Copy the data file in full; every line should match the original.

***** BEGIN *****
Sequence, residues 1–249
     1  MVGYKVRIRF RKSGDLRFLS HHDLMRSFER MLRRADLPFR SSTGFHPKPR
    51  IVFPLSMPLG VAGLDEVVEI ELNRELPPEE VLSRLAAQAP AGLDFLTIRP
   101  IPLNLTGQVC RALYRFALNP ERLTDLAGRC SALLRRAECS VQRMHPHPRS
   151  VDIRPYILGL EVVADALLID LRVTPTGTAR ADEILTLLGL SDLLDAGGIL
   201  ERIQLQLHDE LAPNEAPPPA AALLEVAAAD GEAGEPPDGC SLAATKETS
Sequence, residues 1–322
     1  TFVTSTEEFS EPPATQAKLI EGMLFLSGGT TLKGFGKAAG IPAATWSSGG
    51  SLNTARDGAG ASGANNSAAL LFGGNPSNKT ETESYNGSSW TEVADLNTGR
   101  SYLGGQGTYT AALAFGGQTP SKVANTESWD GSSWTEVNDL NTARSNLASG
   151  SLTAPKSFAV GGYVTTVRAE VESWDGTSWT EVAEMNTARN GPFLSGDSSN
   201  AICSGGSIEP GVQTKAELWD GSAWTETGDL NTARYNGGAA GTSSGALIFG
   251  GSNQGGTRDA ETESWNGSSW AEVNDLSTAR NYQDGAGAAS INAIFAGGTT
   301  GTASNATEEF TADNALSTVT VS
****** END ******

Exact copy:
Sequence, residues 1–249
     1  MVGYKVRIRF RKSGDLRFLS HHDLMRSFER MLRRADLPFR SSTGFHPKPR
    51  IVFPLSMPLG VAGLDEVVEI ELNRELPPEE VLSRLAAQAP AGLDFLTIRP
   101  IPLNLTGQVC RALYRFALNP ERLTDLAGRC SALLRRAECS VQRMHPHPRS
   151  VDIRPYILGL EVVADALLID LRVTPTGTAR ADEILTLLGL SDLLDAGGIL
   201  ERIQLQLHDE LAPNEAPPPA AALLEVAAAD GEAGEPPDGC SLAATKETS
Sequence, residues 1–322
     1  TFVTSTEEFS EPPATQAKLI EGMLFLSGGT TLKGFGKAAG IPAATWSSGG
    51  SLNTARDGAG ASGANNSAAL LFGGNPSNKT ETESYNGSSW TEVADLNTGR
   101  SYLGGQGTYT AALAFGGQTP SKVANTESWD GSSWTEVNDL NTARSNLASG
   151  SLTAPKSFAV GGYVTTVRAE VESWDGTSWT EVAEMNTARN GPFLSGDSSN
   201  AICSGGSIEP GVQTKAELWD GSAWTETGDL NTARYNGGAA GTSSGALIFG
   251  GSNQGGTRDA ETESWNGSSW AEVNDLSTAR NYQDGAGAAS INAIFAGGTT
   301  GTASNATEEF TADNALSTVT VS